Don’t Start Your Technology Project Without These 5 Things


In the midst of COVID-19, many companies are pivoting technology projects to better take advantage of digital innovation in order to get ahead of the next crisis or recover from the current one. In the rush that often ensues to pivot fast, certain project planning tasks can be overlooked in the race to kickoff a new vertical opportunity. Many see the preparation and administrivia of sound project management as a burden to agile delivery. Incorporating these five items into your agile project planning can alleviate headaches after the project begins and the check has already been written.

1. Understand the strategic direction

It’s important to first think about how the technology project gets the company closer to achieving its strategic goals and vision. Is the project a nice to have or a need to have? A nice to have project provides a tangential benefit to the company’s overall Vision and Strategy. A need to have project is in the critical path to realizing a company’s Vision and Strategy. There is nothing more demoralizing to a dedicated project team than learning their hard work and results provide no business value to the company’s strategic or revenue goals. Creating a team for the purposes of dazzling company leadership on a great idea that doesn’t align to strategic direction is the quickest way to eliminating the business necessity of those resources.

2. Align key success factors with business and operational stakeholders. 

Plan for interdependencies and how you will measure your desired outcomes. Questions to ask stakeholders include: What is your definition of success? What dependencies between business units or departments need to be taken into account to ensure project success? Business stakeholders aren’t just limited to company leadership. They also include operational stakeholders who provide back-end support or services to your technology initiative. These  stakeholders should be engaged before a technology project is kicked off. Doing so sets the landscape early for awareness of the interdependencies between operations and your new initiative or product. Failure to do so can lead to future, unforeseen delays to a new technology effort.

3. Establish project governance

A technical manager is not inherently a project manager. Examine whether or not you have the capabilities on your team to oversee the management and reporting of the effort. Capability includes not just skill, but also time. An agile project management or Srum roles (i.e. Product Owner and/or Scrum Master) within the initiative should be established. This ensures the technology team can focus solely on the technical delivery versus the administrative nuances of project status reporting and stakeholder corralling. To be clear, this is not necessarily an argument for a Project Management Office (PMO). Rather, it’s important to establish who will take project (or product) management ownership of the entire effort to ensure teams are delivering, interdependencies are engaged and status reporting to leadership is occurring. If you do not have this capability, consider outsourcing to a project management as a service (PMaaS) provider.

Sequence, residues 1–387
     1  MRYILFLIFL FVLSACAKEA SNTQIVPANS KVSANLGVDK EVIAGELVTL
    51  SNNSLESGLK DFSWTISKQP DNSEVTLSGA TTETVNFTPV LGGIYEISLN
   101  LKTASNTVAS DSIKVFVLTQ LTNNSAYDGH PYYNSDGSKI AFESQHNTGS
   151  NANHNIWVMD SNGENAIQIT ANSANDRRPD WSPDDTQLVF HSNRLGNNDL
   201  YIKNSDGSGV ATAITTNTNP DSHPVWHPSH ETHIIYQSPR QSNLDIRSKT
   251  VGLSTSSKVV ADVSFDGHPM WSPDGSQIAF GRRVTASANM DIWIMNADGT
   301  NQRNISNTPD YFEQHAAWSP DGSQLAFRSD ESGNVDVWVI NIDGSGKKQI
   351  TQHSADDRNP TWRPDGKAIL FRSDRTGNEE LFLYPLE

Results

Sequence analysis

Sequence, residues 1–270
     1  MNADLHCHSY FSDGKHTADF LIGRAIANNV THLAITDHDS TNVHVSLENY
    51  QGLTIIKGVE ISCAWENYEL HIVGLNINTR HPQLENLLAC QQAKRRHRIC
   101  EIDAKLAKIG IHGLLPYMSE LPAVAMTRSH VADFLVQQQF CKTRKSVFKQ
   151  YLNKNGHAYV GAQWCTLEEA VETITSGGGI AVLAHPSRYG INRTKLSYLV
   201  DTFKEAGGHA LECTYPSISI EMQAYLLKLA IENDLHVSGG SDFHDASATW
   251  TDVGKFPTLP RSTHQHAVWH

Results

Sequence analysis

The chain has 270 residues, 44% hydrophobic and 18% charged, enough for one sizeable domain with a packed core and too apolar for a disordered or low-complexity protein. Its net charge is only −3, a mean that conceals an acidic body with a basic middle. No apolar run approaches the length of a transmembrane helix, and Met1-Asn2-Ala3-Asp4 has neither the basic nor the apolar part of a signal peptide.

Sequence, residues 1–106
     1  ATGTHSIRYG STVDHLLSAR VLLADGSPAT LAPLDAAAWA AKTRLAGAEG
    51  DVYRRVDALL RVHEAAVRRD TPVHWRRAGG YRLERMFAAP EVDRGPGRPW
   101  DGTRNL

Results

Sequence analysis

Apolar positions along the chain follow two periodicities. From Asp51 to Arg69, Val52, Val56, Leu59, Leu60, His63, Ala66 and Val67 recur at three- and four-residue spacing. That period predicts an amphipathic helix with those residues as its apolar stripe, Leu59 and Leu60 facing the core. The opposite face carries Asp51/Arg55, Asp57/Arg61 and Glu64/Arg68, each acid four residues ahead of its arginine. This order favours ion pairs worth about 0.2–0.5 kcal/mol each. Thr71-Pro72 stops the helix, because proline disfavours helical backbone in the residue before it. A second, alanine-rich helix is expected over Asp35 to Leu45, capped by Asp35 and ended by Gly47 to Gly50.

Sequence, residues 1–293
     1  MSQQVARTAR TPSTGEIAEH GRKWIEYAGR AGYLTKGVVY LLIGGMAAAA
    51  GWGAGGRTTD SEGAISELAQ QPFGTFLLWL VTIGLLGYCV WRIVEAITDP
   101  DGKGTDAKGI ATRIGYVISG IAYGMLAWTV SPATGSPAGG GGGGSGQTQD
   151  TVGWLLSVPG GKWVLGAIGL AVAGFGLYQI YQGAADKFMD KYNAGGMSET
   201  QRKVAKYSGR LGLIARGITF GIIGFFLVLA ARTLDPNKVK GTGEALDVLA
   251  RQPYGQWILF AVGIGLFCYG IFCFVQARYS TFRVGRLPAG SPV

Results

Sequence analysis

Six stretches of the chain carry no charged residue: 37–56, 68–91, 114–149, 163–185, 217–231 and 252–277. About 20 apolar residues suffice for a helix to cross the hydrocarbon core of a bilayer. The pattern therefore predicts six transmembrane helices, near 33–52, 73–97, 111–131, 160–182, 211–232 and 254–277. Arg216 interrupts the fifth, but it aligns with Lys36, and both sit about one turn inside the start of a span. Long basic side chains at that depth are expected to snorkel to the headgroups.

4. Allocate the project budget in increments

If possible, establish a project funding cycle similar to how venture capital firms provide staged series funding for new ventures. Just because a certain amount of funding is available doesn’t mean that the total amount of funding should be allocated at project kickoff. Align funding based on the incremental delivery of business value. This allows a company to pivot early or stay the course following the outcome of a prototype but with only a fraction of the budget being spent.

5. Align vendor payment schedules to tangible, business results

Before signing with a technology vendor, it’s important to establish a definition of done for the portion of the effort you are outsourcing. The definition of done should then be translated into payment milestones that align to the business value you are expecting the vendor to deliver. Too often, vendor contracts contain language based on time and materials alone but with no alignment to the delivery of actual results. If a vendor insists on a time and materials contract, consider including a “hold back” percentage for each monthly invoice that is to be paid once the company’s acceptance criteria has been met.


This is not a comprehensive list of everything that must be in place before project kickoff, but rather a standard operating procedure to have in place regardless of technology. Establishing a repeatable checklist such as this one kicks off your digital innovation initiative on secure footing.

Published on June 30, 2020

Starr Corbin is the Founding Partner of Corbin Solutions Group. Follow her on LinkedIn and Twitter @StarrCorbin.

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